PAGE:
Interrupted IO and AWT

Bryce McKinlay
Mon Mar 20 17:48:00 GMT 2000

Per Bothner wrote:

> Rather than write a direct
> Java wrapper for gtk, I'd like us to use the AWT or Swing class
> and method names whenever they match.

I've been considering something similar to this. In addition to exposing
more of the native toolkits functionality to Java code, there's another good
reason reason to create an AWT/Swing-ALIKE API: performance. The AWT is slow
by design due both to the requirements of thread safety and its
event-dispatch queue based design. Because it isn't inherently thread-safe
(and probably never can be), virtually every call into the native peers
needs to be synchronized around a global lock using either either gtk's own
locking or java synchronization. This means calling gtk_threads_enter() and
gtk_threads_leave() inside every native peer method implementation, which no
doubt adds considerable overhead. The other problem is AWT's event-dispatch
queue based design. The native peers exist on a different thread to the
event-dispatch thread, and these communicate using a synchronized queue. For
every event generated by the native peer implementation (every keystroke,
every mouse movement, unmask event, refresh, etc), an event object must be
constructed, and the queue synchronized. The event dispatch thread then
synchronizes with the queue, grabs the oldest event, and calls into user
code to have it processed. The queue lock is always under contention by the
thread(s) putting events onto it and the E.D.T. pulling events off it, and
as we know, locking between native threads is slow. I suspect this is the
major reason why the user-threads based Sun/Borland JDK 1.2.2 performs so
well running JBuilder and other swing apps compared to the other, native
threaded JDKs like IBM 1.1.8 (which by all benchmarks has a much superior
JIT and memory management) - its thread synchronization is 5x or more faster
than linux native locks.

Despite the above problems, I'm still confident that we can do basic,
correct AWT functionality with reasonable performance, mainly because the
lack of JNI overhead will do much to make up for these other things. A good,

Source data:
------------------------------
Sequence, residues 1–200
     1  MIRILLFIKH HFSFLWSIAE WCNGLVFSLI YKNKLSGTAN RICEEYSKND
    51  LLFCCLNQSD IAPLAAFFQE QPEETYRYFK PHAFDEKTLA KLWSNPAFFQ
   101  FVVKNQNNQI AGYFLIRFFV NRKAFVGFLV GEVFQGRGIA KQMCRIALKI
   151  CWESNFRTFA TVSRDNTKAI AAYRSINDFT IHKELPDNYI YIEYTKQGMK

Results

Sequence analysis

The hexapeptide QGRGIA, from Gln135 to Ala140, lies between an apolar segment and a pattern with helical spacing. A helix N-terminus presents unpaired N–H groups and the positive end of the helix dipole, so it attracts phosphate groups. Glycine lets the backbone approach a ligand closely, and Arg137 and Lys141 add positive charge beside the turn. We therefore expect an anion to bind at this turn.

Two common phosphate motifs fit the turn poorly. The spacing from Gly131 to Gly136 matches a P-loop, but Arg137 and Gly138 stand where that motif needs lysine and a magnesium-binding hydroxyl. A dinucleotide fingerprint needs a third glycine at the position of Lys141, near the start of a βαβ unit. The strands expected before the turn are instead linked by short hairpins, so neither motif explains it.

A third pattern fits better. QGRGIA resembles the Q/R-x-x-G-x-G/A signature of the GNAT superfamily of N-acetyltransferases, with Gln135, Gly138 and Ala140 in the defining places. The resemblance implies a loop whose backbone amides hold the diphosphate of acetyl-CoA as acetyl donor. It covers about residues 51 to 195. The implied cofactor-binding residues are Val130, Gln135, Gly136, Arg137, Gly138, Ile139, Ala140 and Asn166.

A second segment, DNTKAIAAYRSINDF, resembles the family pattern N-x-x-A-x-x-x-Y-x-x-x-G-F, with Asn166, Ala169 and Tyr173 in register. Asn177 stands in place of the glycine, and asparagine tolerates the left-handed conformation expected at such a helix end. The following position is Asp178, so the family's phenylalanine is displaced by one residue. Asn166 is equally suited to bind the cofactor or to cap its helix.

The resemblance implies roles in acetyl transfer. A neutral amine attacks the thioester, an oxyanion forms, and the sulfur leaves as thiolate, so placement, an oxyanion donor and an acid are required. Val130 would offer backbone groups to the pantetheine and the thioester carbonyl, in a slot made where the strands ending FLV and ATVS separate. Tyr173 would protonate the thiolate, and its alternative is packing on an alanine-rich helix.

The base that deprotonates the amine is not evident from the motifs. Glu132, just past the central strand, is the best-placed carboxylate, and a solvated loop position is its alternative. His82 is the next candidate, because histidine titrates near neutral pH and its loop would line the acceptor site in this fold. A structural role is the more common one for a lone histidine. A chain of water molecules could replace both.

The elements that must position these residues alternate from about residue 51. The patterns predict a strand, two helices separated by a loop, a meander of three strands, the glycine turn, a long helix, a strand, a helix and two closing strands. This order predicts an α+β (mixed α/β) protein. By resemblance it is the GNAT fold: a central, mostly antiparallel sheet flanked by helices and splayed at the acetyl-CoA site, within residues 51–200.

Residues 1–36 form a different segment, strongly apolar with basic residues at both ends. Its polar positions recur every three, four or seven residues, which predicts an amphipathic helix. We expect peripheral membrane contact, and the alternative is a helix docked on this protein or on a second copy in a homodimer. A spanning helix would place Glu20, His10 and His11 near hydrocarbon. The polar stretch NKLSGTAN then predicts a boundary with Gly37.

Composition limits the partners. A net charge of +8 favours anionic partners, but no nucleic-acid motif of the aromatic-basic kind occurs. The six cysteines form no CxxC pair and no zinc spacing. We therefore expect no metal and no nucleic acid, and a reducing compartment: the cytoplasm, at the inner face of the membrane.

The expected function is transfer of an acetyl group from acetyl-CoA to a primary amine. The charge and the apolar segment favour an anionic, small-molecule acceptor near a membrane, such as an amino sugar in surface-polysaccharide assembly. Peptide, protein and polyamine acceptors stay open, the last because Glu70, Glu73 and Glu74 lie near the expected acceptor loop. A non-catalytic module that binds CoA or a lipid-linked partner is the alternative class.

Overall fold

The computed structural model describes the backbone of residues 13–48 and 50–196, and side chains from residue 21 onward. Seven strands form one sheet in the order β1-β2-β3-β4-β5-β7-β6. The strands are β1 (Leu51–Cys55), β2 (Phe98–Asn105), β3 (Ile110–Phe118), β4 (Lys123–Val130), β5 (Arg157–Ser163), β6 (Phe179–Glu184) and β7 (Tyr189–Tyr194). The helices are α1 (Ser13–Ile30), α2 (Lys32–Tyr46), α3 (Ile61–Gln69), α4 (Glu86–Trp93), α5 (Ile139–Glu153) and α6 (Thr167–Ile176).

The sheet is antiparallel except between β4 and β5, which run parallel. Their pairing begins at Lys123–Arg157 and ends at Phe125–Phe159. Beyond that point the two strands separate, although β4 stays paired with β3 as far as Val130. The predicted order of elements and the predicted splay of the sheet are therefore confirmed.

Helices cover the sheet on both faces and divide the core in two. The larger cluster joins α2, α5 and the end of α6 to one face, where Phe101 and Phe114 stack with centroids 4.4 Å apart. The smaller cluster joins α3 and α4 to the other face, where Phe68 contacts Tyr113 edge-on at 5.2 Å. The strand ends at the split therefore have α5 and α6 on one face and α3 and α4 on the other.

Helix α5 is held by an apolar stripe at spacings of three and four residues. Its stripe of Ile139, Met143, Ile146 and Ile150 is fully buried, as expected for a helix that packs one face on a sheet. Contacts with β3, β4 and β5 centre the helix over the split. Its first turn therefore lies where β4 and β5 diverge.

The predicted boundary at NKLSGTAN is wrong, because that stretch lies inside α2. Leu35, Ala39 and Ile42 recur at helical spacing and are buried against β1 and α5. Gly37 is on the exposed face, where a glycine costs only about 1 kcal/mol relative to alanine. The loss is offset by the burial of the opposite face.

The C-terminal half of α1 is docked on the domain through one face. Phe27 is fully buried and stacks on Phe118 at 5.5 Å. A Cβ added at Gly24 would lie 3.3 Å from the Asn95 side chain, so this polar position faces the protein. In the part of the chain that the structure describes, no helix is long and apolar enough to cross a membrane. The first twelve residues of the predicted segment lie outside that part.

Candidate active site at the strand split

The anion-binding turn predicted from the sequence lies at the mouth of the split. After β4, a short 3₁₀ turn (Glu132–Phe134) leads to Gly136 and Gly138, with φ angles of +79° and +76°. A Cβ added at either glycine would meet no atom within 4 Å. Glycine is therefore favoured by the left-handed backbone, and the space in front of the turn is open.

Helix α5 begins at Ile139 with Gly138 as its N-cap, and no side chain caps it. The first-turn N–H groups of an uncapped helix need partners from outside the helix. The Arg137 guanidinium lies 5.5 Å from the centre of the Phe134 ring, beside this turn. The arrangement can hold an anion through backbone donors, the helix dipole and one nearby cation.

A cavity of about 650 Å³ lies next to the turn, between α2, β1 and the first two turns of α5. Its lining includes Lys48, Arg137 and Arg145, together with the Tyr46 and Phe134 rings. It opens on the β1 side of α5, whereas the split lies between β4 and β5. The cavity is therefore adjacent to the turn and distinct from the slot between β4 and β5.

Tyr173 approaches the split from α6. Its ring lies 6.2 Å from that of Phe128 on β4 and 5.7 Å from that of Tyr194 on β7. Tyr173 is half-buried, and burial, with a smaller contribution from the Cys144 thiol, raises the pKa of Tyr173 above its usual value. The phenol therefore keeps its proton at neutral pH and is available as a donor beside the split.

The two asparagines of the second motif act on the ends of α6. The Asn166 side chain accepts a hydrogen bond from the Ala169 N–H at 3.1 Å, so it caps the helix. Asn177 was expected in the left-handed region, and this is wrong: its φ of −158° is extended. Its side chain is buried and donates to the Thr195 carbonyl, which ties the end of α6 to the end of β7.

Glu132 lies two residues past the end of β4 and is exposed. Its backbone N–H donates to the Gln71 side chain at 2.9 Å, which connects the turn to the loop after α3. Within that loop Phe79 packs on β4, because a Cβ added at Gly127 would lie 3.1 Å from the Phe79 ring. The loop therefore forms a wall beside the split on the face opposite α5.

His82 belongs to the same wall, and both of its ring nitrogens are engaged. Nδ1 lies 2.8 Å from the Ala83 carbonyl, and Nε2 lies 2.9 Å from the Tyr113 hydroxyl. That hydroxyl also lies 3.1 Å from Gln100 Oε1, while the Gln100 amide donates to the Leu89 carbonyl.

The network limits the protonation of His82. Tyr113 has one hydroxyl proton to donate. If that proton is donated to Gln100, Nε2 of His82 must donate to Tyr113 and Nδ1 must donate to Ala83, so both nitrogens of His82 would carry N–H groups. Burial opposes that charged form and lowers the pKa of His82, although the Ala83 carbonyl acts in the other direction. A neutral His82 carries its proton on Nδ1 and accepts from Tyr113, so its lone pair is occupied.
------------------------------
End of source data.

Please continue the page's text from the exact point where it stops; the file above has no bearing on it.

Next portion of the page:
working AWT (that can run Swing 1.1) should attract a lot more people to gcj
and show off what can be done with it. I guess the only real way to see how
fast it will be is to implement it and see ;-)

However, by imposing a few restrictions on what can and can't be done wrt
threads and gui calls: like requiring the application to make all gui calls
from one master thread (which, I should point out, Swing already does), and
by having the application call a blocking "EventDispatch.start()" type
method instead of relying on an implicit event dispatch thread, it should be
possible to create an AWT-like API that can expose a lot more native
functionality and is also very fast. By doing this, and by adding swing-like
functionality to it, we would essentially be creating a new toolkit API -
but modeled after the existing ones to ease transition of code to it.

Of course the real solution to the synchronization problem lies in having
better threads support, ie an n:n threading model like Solaris/BeOS/Windows
- but this is something that needs to be done at the glibc/kernel level
rather than in libgcj. Using hybrid/user threads in libgcj would probably
suck because it would be very difficult to make them interact well with
existing native code. The BeOS toolkit for example is very multithreaded and
also very responsive, so it is possible...

> avoid excess helper objects:  We would have a Window, which may
> points to a WindowPeer, which may contain a RawData that points
> to a gtk handle.  What I want to avoid when possible is an additional
> Gtk Java wrapper; whatever class we use to wrap a gtk window
> should implement the WindowPeer interface, without requiring yet
> another class to do so.

Yes, I don't see any reason why there should (usually) be anything other
than AWT object -> peer interface -> Peer implementation object, where the
peer implementation class consists of part java/part native code.


  [ bryce ]

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